« Reply #1 on: January 11, 2018, 10:05:52 AM »
Haven't been around for a while, but trying to get back in the flow of writing and thought stopping by may help.

I like the concept and the theme it sets up. What if magicians were real, and what if they were a discriminated class. Honestly, I don't read fantasy so not sure if this is too trite, but it seems like that kind of story is very popular now. I don't think that's a negative necessarily, but you just need to make sure you add something fresh to it.

The prose could use some work. I don't hate modifiers as much as some, but I hate wishy-washy ones. It may seem I'm being overly critical, but the use of 'nearly' in the first sentence almost made me put it down. And then you followed that up with ovated, which I'm too lazy to look up, but I'm not sure that's an actual word. You can't just drop the 'tion' from all nouns and make them verbs. And even if it is, why? We're in deep third person, feeling what Penel is feeling, thousands cheering, and the word you decide to evoke that is ovate?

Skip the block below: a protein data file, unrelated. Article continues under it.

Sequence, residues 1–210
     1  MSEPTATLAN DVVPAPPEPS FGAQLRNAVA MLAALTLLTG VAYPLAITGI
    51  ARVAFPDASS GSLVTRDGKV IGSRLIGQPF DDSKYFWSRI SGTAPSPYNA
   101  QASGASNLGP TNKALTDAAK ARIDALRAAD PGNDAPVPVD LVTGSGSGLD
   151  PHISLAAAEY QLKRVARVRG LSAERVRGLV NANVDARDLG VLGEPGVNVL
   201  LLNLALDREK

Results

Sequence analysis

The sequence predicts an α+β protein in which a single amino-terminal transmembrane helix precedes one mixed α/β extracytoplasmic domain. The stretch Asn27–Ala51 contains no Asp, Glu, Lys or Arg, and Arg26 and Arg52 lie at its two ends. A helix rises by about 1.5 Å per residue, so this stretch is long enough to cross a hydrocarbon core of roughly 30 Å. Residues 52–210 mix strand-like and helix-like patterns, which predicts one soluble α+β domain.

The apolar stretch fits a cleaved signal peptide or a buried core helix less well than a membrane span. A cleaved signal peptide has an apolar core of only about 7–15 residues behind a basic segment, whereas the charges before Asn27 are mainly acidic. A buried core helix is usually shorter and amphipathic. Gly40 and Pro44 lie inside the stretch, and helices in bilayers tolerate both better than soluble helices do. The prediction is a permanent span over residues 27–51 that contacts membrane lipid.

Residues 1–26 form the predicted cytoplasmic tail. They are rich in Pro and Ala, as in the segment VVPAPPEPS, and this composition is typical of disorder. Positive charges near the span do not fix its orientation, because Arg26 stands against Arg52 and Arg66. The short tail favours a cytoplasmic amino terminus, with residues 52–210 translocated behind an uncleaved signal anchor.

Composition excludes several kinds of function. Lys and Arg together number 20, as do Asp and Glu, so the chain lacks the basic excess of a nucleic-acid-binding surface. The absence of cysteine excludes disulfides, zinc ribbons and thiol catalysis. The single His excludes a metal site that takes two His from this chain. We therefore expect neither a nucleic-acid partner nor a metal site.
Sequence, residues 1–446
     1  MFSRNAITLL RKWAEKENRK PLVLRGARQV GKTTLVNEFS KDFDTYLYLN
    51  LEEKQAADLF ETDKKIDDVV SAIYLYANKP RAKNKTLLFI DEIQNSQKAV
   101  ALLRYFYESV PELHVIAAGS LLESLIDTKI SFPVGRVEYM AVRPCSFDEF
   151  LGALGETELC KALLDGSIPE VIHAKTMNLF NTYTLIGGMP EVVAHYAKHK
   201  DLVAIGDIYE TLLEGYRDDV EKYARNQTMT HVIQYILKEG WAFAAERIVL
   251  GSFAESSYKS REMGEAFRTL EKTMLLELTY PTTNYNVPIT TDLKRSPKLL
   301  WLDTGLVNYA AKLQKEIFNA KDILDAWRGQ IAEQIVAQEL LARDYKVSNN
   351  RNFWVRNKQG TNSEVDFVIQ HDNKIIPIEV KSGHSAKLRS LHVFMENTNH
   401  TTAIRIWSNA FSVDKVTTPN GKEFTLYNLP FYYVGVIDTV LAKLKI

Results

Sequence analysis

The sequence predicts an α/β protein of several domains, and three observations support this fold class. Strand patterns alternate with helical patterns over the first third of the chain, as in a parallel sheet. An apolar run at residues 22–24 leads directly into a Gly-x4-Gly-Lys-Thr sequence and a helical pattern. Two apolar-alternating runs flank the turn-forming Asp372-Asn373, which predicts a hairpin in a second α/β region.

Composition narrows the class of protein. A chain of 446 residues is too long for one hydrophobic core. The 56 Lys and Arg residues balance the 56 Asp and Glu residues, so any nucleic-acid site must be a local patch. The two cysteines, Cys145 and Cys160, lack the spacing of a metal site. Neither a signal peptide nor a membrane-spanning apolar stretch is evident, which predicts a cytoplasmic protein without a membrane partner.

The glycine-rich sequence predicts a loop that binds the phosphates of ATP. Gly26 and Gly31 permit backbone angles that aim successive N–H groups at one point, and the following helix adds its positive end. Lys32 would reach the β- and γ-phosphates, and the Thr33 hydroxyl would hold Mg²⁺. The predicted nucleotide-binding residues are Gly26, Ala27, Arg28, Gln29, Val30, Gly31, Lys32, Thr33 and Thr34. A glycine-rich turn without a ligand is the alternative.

Finally, it's too dialogue heavy and obtuse and doesn't paint a picture. Why does she keep doing things with her fist?

Advice: Write to tell the story. Don't use clichés. Something I think would help you here in particular is use of scene/sequel or action/reaction or MRU--all very similar to me. Basically, you've got a lot of stuff happening but not a lot of internalized reaction, or if you do it's a line 'stomach turned'. If you're going to write in close third, you need to give more reactions to external events than just physical reactions. It'll slow the pace at times, which you need, and allow me as the reader to get to empathize with the protagonist. And some telling isn't a sin, either. I've got no sense of location, scene, time, place, mood.